The presence of PCBs in paints and coatings in industrial and manufacturing settings is possible, especially in specialty applications. PCBs have been found in building materials such as ceiling tiles, window glazing, flooring finishes, and even structural fireproofing but their use in commercial, public and residential structures is not well documented by the EPA.

Increasing Frequency Of Lawsuits

Legal action related to PCBs including clean-up cost recovery and personal injury claims are becoming more prevalent. Many cities on the West Coast of the U.S. have initiated legal actions against Monsanto, who according to the U.S. Centers for Disease Control, was responsible for the manufacturing of almost 1,400 million pounds of PCBs — 99% of PCBs manufactured in North America — in an effort to recover costs associated with the clean-up of PCBs which have accumulated in the environment including soil and marine sediments as a result of stormwater run-off.

Some school districts have also faced legal challenges both as plaintiffs and as defendants related to the presence of PCBs in schools. While some schools have initialed legal action against the manufacturer of PCBs to recover costs for remediation of PCB contamination, other schools are facing legal actions by the community and other advocacy groups to conduct remediation within schools as a result of public concern related to the presence of PCBs and their potential health impacts.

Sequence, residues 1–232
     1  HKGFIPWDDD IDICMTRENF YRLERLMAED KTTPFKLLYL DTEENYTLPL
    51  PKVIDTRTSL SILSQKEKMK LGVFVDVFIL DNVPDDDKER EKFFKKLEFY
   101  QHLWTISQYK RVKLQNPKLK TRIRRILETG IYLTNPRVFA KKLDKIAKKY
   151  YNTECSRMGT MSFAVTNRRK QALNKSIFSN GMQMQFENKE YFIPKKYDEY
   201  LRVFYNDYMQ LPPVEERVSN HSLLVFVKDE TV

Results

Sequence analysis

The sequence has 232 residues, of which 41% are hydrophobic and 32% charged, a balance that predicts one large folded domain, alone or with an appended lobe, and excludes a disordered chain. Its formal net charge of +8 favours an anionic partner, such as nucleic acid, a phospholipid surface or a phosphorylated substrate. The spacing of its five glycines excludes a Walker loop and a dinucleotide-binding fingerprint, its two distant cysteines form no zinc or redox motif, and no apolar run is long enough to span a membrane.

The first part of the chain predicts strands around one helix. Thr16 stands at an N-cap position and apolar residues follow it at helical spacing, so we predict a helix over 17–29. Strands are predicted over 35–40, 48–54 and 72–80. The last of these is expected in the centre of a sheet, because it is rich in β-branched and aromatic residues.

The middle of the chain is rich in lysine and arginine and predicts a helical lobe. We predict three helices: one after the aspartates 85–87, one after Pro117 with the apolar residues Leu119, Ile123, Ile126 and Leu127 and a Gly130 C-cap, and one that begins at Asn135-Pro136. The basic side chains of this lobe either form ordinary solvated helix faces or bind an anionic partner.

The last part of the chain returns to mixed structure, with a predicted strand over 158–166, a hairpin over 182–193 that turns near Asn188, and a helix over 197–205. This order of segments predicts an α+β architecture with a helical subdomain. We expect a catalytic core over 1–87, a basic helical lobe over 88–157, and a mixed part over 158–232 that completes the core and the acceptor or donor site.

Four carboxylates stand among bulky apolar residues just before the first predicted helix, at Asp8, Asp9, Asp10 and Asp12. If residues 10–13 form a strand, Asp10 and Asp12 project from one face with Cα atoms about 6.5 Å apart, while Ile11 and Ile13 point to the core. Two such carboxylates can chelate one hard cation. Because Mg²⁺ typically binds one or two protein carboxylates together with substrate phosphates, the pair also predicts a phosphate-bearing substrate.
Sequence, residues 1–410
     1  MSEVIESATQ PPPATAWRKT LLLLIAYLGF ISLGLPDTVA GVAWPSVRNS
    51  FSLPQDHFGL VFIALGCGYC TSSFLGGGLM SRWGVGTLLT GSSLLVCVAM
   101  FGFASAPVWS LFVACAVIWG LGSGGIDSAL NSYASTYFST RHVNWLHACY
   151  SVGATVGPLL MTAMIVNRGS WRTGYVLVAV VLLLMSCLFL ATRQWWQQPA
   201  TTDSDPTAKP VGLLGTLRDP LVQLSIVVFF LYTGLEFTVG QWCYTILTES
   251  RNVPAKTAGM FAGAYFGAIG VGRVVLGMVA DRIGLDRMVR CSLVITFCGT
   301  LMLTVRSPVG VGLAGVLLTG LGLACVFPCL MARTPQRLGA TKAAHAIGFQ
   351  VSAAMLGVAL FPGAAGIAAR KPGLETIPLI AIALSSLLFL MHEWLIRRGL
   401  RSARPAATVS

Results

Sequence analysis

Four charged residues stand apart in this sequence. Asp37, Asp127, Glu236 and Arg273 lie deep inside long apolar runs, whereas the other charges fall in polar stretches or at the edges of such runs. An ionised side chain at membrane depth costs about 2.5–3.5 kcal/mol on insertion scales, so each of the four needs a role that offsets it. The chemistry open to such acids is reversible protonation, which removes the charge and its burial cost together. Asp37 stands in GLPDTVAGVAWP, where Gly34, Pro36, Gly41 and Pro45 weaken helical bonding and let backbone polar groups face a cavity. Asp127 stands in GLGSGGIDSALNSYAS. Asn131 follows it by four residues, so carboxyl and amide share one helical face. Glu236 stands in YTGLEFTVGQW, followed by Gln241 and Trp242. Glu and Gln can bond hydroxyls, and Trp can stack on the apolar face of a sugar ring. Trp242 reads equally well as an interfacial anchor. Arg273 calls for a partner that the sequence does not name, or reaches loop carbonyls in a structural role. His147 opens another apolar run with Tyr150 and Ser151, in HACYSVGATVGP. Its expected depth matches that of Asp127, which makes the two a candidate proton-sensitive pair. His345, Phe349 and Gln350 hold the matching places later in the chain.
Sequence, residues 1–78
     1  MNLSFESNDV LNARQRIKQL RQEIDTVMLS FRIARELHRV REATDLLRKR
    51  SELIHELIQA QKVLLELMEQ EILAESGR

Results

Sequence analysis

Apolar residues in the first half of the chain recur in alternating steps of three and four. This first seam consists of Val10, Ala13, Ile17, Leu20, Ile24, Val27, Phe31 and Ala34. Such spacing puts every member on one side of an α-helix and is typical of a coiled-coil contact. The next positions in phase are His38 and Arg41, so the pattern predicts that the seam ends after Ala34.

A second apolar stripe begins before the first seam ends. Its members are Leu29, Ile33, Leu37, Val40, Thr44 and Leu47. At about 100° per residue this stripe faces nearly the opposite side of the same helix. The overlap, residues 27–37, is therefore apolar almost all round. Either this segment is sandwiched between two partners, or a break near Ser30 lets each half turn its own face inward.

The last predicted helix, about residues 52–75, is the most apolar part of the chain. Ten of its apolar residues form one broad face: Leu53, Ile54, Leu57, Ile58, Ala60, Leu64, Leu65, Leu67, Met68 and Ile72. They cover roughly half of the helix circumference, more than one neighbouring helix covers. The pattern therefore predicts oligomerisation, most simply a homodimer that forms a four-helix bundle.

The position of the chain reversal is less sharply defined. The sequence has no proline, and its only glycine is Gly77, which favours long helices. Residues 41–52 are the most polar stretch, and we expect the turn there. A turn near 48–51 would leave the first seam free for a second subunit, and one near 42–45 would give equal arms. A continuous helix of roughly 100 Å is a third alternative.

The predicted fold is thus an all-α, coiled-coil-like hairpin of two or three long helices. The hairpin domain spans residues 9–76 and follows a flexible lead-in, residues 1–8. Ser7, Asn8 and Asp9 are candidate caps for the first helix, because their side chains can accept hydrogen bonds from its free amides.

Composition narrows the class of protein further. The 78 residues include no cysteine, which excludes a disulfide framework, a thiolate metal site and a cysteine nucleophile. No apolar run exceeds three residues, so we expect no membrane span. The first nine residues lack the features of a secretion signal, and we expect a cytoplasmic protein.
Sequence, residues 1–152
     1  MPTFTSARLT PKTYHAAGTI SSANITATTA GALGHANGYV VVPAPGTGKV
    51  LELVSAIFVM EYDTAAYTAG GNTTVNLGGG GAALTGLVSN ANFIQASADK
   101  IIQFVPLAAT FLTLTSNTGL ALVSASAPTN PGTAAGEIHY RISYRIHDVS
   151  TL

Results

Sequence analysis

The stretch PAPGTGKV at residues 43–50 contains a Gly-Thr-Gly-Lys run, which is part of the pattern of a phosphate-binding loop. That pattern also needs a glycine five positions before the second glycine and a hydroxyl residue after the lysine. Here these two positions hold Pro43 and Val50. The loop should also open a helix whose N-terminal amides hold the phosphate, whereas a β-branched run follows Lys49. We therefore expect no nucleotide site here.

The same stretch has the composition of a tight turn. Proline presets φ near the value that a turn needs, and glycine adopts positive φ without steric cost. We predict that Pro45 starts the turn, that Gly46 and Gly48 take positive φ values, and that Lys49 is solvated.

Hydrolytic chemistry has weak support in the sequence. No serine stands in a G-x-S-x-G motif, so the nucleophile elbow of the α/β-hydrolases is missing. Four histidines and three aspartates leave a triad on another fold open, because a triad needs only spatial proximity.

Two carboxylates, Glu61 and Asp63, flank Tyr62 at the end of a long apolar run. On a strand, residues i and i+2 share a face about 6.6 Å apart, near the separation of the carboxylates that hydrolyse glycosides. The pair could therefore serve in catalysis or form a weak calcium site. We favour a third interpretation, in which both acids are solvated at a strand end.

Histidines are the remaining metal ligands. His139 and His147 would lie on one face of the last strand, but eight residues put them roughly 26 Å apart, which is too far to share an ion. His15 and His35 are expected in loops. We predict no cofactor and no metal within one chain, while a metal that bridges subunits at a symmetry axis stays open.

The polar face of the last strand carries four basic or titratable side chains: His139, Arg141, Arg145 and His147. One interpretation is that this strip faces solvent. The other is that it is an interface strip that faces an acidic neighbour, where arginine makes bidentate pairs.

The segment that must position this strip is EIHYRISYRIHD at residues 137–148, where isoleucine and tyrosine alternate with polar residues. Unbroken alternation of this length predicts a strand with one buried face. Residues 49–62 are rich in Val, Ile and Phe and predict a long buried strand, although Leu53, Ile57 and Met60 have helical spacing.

Recently, three plaintiffs in Saint Louis prevailed against Monsanto in a negligence suit. The plaintiffs alleged that Monsanto knew that PCBs were hazardous and that they continued to produce and sell them apparently citing internal Monsanto documents.

Best management practices are designed to minimize potential exposure to PCBs in the built environment. The EPA and other governmental agencies have developed BMPs combining available science and practical applications. In some instances, following these BMPs may not be sufficient to adequately address concerns related to potential exposure. If this is the case, adequately assessing the actual conditions and implementing a response plan including proactive risk evaluation and communication can be critical to achieving a safe environment.

Sources
U.S. EPA Practical Actions for Reducing Exposure to PCBs in Schools and Other Buildings (2015)

U.S. EPA PCBs in Building Materials-Questions and Answers (2015)PCBs

Schack is vice president, building sciences for ALTA Environmental, a full-service consulting firm specializing in subsurface remediation, air quality, building sciences, sustainability, water resources, and environmental health and safety compliance services. The firm is located in Long Beach, CA.